Planning your vacation period can mean weighing up an endless list of opportunities all offering great experiences in a variety of different domains. The hard part really comes when narrowing down exactly what you want to do and, more importantly, where.
Working abroad is an appealing option for those of us excited to escape the UK and venture further afield in search of something new and experiencing a new culture first-hand is an exciting prospect. Working abroad brings a variety of benefits, not only in being able to add to your CV and boost your skills, but also the prospect of having a guaranteed wage each month as a student might just be the cherry on top (I know how tight money can get!)
How to find work abroad
There are plenty of resources we have at our disposal for finding a placement in another country. Our very own Durham Careers services advertise hundreds of internships each year, many of which offer the promise of time spent overseas. If you don’t find anything that tickles your fancy, then you can check out Going Global. The university has a subscription to this international job seekers’ paradise which allows you to search specific countries and languages as well as certain job fields. It truly is a holy grail for all things internships.
Seasonal work in the EU
I’m sure we all know of someone who has done a short stint abroad and has come back on cloud nine, recounting interesting stories about their time overseas. Well, now it’s your turn! As students, we are blessed with long-term breaks which means that in between all of that grueling revision and essay writing you have the perfect opportunity to get out there and work a few shifts elsewhere. You don’t have to look too far to find some great opportunities, many of which will be just a couple of hours’ flight from home.
To work in the EU post-Brexit, you will need to organise a work visa. This is a really important factor to consider and if you are caught working without a visa you may face a permanent ban from the EU which would definitely scupper any future travel plans in Europe. The FCDO website has a list of every country in the world and their visa requirements which is a great starting point when looking at where to spend your summer.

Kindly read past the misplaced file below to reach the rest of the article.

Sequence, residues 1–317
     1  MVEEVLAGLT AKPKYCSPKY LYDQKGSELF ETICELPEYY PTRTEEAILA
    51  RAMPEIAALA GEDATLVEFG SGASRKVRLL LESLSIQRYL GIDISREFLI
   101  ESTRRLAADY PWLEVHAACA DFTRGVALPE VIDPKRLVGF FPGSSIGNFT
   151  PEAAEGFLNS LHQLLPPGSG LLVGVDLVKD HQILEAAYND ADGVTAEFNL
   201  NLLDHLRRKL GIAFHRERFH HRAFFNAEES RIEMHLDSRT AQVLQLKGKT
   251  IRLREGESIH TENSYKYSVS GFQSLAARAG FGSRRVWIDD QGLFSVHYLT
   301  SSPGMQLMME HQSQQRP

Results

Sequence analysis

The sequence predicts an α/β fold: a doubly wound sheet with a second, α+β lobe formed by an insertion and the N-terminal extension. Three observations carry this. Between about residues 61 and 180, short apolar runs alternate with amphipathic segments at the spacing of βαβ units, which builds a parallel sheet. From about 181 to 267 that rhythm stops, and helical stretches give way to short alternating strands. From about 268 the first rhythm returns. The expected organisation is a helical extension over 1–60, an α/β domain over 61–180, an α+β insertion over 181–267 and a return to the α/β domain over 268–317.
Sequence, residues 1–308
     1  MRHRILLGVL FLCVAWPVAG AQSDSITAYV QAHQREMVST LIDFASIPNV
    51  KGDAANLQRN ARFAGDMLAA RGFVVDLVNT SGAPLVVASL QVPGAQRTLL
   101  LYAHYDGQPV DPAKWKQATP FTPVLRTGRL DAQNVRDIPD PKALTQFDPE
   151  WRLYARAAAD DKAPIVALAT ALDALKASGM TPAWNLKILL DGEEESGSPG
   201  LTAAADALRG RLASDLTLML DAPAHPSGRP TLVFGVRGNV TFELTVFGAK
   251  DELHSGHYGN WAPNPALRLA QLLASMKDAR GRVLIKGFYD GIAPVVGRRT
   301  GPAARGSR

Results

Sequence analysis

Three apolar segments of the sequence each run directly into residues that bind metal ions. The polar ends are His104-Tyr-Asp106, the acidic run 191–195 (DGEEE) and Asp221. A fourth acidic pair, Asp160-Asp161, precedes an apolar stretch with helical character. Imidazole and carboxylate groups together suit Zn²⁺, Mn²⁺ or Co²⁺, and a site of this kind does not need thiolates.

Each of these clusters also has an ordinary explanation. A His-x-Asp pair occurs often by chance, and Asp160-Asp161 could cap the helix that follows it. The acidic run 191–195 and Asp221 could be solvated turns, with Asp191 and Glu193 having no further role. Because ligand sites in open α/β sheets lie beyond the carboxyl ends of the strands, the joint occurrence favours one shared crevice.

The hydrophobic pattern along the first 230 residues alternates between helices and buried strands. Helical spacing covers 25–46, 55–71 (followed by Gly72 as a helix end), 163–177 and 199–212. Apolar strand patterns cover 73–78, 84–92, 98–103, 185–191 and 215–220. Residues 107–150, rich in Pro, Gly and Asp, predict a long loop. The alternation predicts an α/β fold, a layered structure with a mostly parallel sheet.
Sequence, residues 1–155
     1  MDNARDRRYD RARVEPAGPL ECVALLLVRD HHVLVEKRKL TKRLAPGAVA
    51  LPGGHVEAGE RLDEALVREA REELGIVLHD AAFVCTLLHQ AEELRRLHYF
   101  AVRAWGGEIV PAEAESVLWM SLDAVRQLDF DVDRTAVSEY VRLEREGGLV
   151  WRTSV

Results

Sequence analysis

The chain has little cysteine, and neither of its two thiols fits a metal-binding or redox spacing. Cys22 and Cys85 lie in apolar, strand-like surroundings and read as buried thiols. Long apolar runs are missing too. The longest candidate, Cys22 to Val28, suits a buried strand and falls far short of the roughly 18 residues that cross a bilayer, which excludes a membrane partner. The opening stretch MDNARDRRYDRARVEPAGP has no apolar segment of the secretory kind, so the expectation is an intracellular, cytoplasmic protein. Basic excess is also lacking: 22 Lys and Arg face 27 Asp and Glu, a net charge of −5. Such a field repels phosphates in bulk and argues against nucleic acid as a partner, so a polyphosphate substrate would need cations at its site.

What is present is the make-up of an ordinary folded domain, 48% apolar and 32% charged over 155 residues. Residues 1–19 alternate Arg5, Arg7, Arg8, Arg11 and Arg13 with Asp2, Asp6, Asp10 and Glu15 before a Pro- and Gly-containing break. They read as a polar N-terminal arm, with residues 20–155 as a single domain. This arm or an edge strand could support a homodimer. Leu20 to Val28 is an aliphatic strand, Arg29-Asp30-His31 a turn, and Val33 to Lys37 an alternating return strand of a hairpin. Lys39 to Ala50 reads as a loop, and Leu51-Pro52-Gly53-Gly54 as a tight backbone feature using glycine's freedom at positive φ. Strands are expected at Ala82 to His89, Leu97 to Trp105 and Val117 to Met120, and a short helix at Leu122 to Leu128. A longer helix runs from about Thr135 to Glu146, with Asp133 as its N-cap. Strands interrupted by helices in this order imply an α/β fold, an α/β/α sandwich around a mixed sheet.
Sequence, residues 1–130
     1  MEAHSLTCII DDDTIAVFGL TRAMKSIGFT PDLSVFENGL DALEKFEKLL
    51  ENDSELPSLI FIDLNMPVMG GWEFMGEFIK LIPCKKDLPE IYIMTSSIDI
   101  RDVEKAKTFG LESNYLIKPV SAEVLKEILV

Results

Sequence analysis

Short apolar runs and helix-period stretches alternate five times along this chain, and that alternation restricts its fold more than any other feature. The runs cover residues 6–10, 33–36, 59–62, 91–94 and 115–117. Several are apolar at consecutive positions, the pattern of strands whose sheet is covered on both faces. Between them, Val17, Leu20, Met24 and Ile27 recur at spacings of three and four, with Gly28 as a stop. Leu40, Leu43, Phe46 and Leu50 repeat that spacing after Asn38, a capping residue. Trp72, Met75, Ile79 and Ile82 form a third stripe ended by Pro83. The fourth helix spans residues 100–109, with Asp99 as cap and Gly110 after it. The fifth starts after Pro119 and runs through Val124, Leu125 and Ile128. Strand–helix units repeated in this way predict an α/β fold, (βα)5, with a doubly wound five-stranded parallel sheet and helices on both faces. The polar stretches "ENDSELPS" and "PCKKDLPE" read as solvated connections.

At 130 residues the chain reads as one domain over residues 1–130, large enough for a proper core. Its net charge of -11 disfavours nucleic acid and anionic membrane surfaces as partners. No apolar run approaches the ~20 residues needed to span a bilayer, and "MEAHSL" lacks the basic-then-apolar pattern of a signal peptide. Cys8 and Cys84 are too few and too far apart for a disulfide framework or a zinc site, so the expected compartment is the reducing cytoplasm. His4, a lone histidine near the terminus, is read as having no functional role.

A popular choice amongst students is undertaking a ski season. Whether you are a seasoned ski professional or a complete newbie like me, there are definitely plenty of roles available. Between chalet hosting and ski instructing, you will have plenty of time to get out and enjoy the mountain lifestyle and the occasional apres-ski. With the Alps spanning the width of most of western Europe, you are really spoilt for choice.
For the language students amongst us, you can easily justify a trip up the gondola as good language practice, which is technically very true! I spent most of my year abroad in Innsbruck, Austria and whilst the Alps provided a stunning backdrop, they were also a great learning environment as I had the opportunity to practice lots of German and also get acquainted with the local Tyrolean accent. Austria is a great place to work as their labour laws are highly regarded throughout Europe and with high salaries, commuting allowance and lots of paid annual leave most students are highly satisfied with their time there.
Preparing for work in the EU
Making sure you have everything in order before you start your new role abroad means you have the best possible start to your new adventure. Each country in the EU has its own rules and requirements for getting a visa and/or work permit, and this is an important step to make sure you stay on the right side of the law! Austria requires a National D visa or Red-White-Red Card depending on your length of stay. You will first have to be accepted to the job and then take lots of documents to the embassy in London such as your passport, proof of health insurance, proof of accommodation and a declaration from your employer. It sounds like a complicated and scary procedure, but I promise it’s not. I spent about 20 minutes in the embassy at what looked like a post office counter and 3 days later my passport arrived back at my house! So, although it was a flying visit, I did get a nice little day out in London. The British Embassy’s BritsinGreece Facebook page explains how to prepare for a summer job in Greece.
FCDO Travel Advice has some great country specific information regarding entry requirements, visas and travel insurance. Healthcare is also an important consideration- you should also check the Living in guide for the country you are considering working in for more advice about healthcare now the UK is no longer in the EU. If you are working in the EU and making social security contributions to an EU country then your G/EHIC will not cover you.